Presentation on theme: "Royal Kingdom The Book of II Samuel – The Reign of King David The second book of Samuel relates the rule of David, first as he gradually assumes control."— Presentation transcript:
Royal Kingdom The Book of II Samuel – The Reign of King David The second book of Samuel relates the rule of David, first as he gradually assumes control in Judah when Saul’s claimants fell away (chs. 1-4) and then as king at the age of thirty over both Judah and the northern tribes that comprise Israel (chs. 5-24). King David (1,000-961 BC) captures Jerusalem, makes it the capital, and brings the ark from Kiriath-jearim to Jerusalem. (6:1-15). David wishes to build a temple, but the prophet Nathan tells him that one of David's sons will be the one to build the temple. Instead, in 7:1-29, Nathan tells David that it is God’s will that he will establish in the House of David an everlasting dynasty in which God will raise up an offspring from David(Jesus), establish his kingdom, and where God will be a father to him and he shall be a son to me. It is here that God fulfills the second covenantal promise – a royal dynasty. David commits adultery with Bathsheba and plots the death of her husband, Uriah the Hittite; for this God punishes him, saying that the sword shall never depart from his house. David acknowledges his sinfulness to Nathan and to God (see Psalm 51). And so the first child of David by Bathsheba would die after seven days. For the remainder of King David’s reign there would be tragedies: one of his sons, Amnon, rapes one of his daughters, Tamar; another son, Absalom, kills the first son, Amnon; his favorite son, Absalom, rebels and is killed, until finally only two contenders for the succession remain, one of them Bathsheba's son, Solomon, who would become king in 961 BC only after being reminded of his promise to Bathsheba. Session 12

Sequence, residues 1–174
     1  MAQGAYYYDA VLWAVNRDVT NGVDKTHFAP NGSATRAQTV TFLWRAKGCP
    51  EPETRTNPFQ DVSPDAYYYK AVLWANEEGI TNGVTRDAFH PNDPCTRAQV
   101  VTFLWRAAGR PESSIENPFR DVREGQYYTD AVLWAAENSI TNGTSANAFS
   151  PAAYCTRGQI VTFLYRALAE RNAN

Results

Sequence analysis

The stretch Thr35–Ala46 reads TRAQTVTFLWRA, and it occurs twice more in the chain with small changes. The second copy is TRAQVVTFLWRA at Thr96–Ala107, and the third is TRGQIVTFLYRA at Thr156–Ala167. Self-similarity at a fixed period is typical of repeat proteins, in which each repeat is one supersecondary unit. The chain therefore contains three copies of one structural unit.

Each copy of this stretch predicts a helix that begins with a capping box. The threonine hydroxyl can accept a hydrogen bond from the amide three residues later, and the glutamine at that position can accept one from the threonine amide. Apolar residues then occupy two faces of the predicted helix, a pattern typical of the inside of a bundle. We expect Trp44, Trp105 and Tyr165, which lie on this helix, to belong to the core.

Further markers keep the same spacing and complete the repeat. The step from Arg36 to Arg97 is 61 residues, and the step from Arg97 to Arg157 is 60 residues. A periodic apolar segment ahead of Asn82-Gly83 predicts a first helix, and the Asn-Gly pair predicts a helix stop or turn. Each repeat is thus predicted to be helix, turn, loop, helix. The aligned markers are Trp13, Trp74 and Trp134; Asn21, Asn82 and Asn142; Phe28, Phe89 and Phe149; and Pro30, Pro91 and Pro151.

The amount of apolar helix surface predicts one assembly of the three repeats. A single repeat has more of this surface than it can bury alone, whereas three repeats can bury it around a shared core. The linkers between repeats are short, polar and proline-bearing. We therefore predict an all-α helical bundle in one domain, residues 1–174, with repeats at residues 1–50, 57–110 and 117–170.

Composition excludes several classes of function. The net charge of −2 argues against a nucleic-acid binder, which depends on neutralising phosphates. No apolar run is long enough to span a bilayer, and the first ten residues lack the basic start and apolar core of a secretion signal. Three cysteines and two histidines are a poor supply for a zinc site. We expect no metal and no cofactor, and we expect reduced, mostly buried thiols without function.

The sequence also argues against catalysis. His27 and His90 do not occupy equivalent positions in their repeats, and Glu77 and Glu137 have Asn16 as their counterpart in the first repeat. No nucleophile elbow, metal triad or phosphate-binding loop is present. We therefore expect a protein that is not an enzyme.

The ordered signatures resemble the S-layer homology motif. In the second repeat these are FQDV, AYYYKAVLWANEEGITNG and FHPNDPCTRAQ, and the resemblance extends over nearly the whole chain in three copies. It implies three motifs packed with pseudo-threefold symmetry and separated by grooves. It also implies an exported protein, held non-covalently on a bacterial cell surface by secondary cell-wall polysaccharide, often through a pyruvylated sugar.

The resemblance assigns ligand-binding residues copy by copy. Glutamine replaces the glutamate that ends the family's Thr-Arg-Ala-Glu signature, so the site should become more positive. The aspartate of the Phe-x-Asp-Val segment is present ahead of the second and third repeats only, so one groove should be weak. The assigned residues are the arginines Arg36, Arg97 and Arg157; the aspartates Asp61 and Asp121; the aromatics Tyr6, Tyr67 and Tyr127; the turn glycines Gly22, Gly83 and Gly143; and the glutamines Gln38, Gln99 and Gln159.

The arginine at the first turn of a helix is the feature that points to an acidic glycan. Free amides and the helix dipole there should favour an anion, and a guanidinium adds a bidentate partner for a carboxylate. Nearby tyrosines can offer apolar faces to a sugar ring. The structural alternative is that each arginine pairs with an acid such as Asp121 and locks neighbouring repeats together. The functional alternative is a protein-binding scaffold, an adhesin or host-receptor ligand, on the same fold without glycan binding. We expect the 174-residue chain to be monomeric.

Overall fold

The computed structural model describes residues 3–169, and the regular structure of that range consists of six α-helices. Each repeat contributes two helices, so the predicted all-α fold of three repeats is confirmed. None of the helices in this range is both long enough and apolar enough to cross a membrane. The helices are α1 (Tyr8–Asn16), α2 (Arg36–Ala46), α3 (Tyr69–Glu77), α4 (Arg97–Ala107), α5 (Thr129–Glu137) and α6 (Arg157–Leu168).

Royal Kingdom The Book of I Kings 1-11 – The Reign of King Solomon First Kings begins with the enthronement of Solomon and the death of David (chs. 1-2). Chapters 3-11 recounts the reign of King Solomon who builds up the kingdom at a cost!. In chapter 3, Solomon in a dream prays for wisdom, receives it and exercises it in judgment evidenced by the famous story of two women both claiming to be the mother of the surviving infant in which he calls for his sword to divide the child in half thus revealing the true mother. (3:16-28) The building of the first temple in Jerusalem in 961 BC. (6:1-38) which took seven years. Solomon’s palace would take thirteen years to build! In 9:1-9, Solomon has a vision in which God warns that if he and his people turn away from God and his commandments and serve other gods, he will cut off Israel from the land, that the temple will become a heap of ruins, and Israel will become a proverb and a taunt among all peoples – a foreshadowing of the exile! Chapter 10 describes the excesses of wealth – the 666 talents of gold, drinking vessels made of gold, ships returning laden with gold, silver, ivory, apes and peacocks. Finally, chapter 11 concludes with the dark side of Solomon who has 700 wives and 300 concubines. His heart would not remain true to God, he would build temples for his wives to worship their Gods by taxing his people, forged foreign alliances, the Lord would be angered with Solomon, and would raise up adversaries against him. By 930 BC, the kingdom is already dividing into the 10 tribes of the Northern Kingdom (Israel) and the 2 tribes of the Southern Kingdom (Judah). Solomon reigned in Jerusalem for 40 years from 961-922 BC, was buried with his father, David, in Jerusalem and was succeeded by his son, Rehoboam. Session 12
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